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WHAT YOU NEED TO KNOW:
Morning sickness is nausea with or without vomiting that happens during pregnancy. It can happen any time of day. Morning sickness is most common during the first 12 to 14 weeks of pregnancy. Morning sickness usually gets better after the early part of your pregnancy and does not harm your baby.
Follow up with your primary healthcare provider or obstetrician as directed:
Write down your questions so you remember to ask them during your visits.
Manage your morning sickness:
You may need to try several things to learn what works for you. The following are safe ways for you to manage your morning sickness at home:
- Learn what triggers your symptoms or makes them worse.
- Take a short walk, turn on a fan, or try to sleep with the window open to get fresh air. When you are cooking, open windows to get rid of smells that may cause nausea.
- Do not smoke cigarettes. Ask other people not to smoke around you.
- Do not brush your teeth right after you eat if it makes you nauseated.
- Do not try to manage your morning sickness using any medicines, vitamins, herbs, or food supplements without talking to your primary healthcare provider first. Many medicines can harm an unborn baby.
- Avoid foods that make you feel nauseated.
- Eat small meals often throughout the day. Eat a small snack, such as crackers, dry cereal, or a small sandwich before you go to bed.
- Eat foods that are low in fat and high in protein. Examples are lean meat, beans, turkey, and chicken without the skin.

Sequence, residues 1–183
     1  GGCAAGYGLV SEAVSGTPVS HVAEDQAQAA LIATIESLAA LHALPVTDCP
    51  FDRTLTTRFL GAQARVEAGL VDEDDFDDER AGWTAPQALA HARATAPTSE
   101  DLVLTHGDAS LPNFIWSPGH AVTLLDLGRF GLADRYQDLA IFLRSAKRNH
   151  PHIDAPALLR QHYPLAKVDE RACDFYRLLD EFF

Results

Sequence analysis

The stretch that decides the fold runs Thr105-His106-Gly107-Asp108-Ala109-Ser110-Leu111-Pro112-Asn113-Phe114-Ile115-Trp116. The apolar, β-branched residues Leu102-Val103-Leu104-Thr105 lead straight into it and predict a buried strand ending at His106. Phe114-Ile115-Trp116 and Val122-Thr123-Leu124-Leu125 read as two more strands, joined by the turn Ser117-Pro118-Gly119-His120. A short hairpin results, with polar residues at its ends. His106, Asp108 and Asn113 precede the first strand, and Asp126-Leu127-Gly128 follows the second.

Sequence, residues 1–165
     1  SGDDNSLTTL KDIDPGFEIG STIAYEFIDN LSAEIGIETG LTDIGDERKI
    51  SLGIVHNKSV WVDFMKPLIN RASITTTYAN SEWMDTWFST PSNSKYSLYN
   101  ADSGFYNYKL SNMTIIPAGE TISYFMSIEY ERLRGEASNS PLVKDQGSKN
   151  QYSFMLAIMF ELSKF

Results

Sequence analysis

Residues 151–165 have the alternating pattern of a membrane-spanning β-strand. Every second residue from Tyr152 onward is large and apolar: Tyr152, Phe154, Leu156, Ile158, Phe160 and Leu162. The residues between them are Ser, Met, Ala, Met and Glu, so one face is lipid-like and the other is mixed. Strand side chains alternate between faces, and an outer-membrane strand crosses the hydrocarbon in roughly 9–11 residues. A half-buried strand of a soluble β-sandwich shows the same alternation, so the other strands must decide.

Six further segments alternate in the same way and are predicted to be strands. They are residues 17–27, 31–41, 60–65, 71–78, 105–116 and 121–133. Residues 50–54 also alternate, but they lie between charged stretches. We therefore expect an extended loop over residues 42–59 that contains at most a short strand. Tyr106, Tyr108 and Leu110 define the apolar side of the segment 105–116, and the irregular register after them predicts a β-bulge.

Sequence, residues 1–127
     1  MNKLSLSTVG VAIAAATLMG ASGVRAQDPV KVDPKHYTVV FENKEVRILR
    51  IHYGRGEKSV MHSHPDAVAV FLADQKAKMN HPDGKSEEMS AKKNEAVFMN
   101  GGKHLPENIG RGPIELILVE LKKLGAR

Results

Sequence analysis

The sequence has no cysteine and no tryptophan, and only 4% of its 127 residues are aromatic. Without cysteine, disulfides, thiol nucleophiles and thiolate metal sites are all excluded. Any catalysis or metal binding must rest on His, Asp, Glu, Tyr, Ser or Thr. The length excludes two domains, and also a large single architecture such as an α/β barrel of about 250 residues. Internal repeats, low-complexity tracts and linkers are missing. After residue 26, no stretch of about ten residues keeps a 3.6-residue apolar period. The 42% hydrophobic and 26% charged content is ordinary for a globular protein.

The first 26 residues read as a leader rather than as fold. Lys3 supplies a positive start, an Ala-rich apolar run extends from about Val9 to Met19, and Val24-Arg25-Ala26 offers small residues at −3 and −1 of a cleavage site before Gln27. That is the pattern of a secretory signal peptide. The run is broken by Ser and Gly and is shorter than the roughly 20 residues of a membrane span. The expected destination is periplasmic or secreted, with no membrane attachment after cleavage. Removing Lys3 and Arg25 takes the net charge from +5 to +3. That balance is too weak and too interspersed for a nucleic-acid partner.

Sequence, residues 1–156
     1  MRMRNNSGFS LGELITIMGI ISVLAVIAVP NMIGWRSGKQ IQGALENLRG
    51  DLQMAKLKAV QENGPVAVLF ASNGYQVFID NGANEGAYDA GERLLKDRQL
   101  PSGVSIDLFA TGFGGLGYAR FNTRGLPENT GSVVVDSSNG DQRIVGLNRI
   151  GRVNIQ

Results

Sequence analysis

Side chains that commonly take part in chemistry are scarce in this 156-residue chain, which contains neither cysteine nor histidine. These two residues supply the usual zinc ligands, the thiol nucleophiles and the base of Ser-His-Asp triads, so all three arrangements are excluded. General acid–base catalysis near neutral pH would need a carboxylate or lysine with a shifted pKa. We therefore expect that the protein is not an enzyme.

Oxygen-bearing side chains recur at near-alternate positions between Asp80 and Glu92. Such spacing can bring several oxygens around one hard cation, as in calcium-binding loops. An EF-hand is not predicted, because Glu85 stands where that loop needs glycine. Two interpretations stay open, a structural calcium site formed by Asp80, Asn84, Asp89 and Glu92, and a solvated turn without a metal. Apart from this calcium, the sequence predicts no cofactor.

- Eat bland foods such as dry toast, dry cereal, plain pasta, white rice, and bread. Other bland foods are bananas, apples, rice, and popcorn without butter. Avoid spicy, greasy, and fried foods.
- Keep crackers or dry toast at your bedside. Before you get out of bed in the morning, eat some crackers or dry toast. Get out of bed slowly, because sudden movements could cause you to get dizzy and nauseated.
- Drink liquids between meals instead of with meals. Wait at least 30 minutes after you eat to drink liquids. Drink small amounts of liquids often throughout the day. Ask how much liquid you should drink each day.
- Eat foods that contain ginger, or drink ginger ale. Ginger may help to decrease nausea and vomiting.
Contact your primary healthcare provider or obstetrician if:
- You vomit more than 3 times every day.
- You cannot keep any food or liquid down.
- You begin to lose weight.
- You have a fever.
- You have questions or concerns about your condition or care.
Seek care immediately or call 911 if:
- You have signs of dehydration. Examples are dark yellow urine, dry mouth and lips, dry skin, and urinating less than usual.
- You have severe stomach pain.
- You feel too weak or dizzy to stand up.
- You see blood in your vomit or bowel movements.
Learn more about Morning Sickness (Discharge Care)
IBM Watson Micromedex
- Acute Nausea and Vomiting
- Acute Nausea and Vomiting in Children
- Chemo Induced Nausea and Vomiting
- Hyperemesis Gravidarum
- Nausea and Vomiting in Pregnancy
Mayo Clinic Reference
Medicine.com Guides (External)
Always consult your healthcare provider to ensure the information displayed on this page applies to your personal circumstances.